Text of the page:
Mortgage rates ended the week on a low note (in a good way), falling in line with their best recent levels.  This put some lenders in line with April 30th's offerings which is a great place to be considering they marked the 2nd lowest rates of all-time.  To see anything better, you'd have to go back to early March.  In other words, today's rates are essentially the lowest in 2 months.  But as has been and will continue to be the case, that statement comes with caveats.

While day-to-day volatility has died down in terms of rate changes, different lenders are still farther apart from one another than normal.  There is also a wider discrepancy between top tier scenarios and those that are "off the beaten path" in terms of risk factors.  

Side note: "off the beaten path" can be INCREDIBLY CLOSE to the beaten path these days.  For instance, the simple act of taking a cash-out loan versus a no-cash-out loan can drastically impact rates and availability right now.  We discussed reasons for this HERE.  Credit score and loan-to-value ratios that would typically result in only a modest adjustment in rates/fees are now cost prohibitive in many cases.  And it's here more than anywhere else that we see discrepancies between lenders.  After all, how much farther apart can two lenders be when one is offering ANY rate on a certain scenario while the other won't even do it anymore?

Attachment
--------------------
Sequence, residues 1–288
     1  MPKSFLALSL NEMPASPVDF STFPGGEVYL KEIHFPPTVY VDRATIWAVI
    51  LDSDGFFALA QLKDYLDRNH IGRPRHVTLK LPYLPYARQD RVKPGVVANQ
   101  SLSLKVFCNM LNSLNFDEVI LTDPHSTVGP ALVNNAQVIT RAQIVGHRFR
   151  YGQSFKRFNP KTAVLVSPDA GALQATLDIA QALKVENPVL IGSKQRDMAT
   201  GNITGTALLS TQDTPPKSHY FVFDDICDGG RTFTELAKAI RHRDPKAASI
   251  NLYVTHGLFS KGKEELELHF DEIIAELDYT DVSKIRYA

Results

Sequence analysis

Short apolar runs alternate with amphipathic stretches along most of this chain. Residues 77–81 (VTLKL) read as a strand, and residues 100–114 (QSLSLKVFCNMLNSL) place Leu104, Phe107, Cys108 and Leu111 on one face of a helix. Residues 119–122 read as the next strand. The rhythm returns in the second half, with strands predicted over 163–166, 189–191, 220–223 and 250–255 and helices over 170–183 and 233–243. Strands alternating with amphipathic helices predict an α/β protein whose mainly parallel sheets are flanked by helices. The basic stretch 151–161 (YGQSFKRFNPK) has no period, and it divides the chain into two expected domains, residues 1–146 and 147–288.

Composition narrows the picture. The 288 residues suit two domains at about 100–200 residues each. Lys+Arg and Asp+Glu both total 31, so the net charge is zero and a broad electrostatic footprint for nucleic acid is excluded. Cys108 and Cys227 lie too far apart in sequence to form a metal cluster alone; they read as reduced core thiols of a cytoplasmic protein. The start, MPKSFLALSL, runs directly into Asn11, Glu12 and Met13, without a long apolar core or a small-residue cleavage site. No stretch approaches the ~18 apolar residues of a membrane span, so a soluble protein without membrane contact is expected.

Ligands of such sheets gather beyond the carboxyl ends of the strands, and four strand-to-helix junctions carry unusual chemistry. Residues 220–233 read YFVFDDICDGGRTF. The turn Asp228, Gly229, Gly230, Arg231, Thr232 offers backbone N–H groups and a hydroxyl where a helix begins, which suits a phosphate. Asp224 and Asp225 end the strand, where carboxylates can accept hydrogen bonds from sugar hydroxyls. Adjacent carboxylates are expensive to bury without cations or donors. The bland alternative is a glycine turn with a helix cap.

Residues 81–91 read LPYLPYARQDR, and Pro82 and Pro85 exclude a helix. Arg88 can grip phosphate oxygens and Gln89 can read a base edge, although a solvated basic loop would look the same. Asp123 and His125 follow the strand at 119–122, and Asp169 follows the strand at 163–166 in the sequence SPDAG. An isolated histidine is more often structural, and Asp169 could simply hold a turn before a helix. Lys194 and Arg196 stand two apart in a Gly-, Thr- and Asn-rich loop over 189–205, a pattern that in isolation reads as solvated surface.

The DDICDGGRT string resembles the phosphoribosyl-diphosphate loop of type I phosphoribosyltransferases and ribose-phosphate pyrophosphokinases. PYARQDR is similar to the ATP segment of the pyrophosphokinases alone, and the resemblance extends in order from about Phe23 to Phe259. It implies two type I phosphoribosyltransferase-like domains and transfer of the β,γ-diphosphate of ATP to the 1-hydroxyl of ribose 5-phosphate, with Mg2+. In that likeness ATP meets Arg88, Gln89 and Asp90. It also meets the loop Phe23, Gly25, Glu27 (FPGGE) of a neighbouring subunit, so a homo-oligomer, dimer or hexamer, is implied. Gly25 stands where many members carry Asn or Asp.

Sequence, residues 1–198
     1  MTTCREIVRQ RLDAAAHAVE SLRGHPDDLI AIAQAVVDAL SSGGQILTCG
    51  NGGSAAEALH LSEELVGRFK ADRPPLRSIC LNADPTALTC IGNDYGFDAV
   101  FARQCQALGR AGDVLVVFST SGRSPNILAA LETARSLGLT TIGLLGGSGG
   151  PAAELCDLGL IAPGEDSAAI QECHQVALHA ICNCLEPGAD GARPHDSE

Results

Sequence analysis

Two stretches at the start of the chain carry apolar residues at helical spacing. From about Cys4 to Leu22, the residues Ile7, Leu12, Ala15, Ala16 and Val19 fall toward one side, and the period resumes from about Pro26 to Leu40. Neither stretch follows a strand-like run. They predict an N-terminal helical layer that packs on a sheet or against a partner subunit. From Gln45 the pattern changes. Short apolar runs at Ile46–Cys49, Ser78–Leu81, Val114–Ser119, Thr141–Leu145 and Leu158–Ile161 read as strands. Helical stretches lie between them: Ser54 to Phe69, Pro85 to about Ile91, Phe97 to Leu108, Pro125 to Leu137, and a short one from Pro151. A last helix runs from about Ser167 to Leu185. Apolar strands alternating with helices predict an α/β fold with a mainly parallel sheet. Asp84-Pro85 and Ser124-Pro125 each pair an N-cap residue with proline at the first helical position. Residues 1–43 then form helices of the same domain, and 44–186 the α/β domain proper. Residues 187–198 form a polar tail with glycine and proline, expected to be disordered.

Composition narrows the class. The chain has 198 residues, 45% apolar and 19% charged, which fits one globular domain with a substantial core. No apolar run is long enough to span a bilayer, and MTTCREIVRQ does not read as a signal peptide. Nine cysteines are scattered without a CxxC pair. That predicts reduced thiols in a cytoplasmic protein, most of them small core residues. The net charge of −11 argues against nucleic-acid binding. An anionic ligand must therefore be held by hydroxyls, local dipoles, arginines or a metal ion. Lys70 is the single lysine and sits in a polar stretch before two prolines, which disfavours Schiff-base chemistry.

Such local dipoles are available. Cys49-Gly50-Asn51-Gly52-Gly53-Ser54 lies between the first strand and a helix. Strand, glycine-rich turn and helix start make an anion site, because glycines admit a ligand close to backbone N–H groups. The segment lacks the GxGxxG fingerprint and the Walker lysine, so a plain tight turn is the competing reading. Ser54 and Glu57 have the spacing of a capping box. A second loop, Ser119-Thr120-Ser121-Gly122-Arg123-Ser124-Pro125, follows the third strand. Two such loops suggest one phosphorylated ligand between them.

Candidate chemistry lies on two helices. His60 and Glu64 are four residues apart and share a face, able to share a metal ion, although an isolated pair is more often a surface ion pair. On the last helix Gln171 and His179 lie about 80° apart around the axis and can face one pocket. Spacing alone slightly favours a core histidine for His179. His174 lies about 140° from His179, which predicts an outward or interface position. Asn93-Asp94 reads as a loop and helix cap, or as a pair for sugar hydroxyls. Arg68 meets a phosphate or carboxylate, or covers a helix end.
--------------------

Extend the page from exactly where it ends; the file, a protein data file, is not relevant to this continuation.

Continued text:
All that to say that super low rates are out there, but not for everyone.  

Ongoing Reminder on Forbearance

Coronavirus has created unprecedented challenges for people and industries.  For homeowners facing a big reduction in income due to coronavirus-related hardship, a forbearance can make excellent sense.  But for those who have the capacity to continue making mortgage payments, there are downsides to consider.  Forbearance itself does not hurt your credit score, but it does show up on your credit report.  This will affect your ability to qualify for a loan in the present and near future.  It can also result in your other creditors decreasing your available credit balances.  This has the unintended effect of increasing your ratio of debt to available credit which is a key component of credit scoring models.  Thus, even though forbearance itself is not hurting your credit, it can indirectly lower your credit score and it will absolutely impact your mortgage creditworthiness in the short term.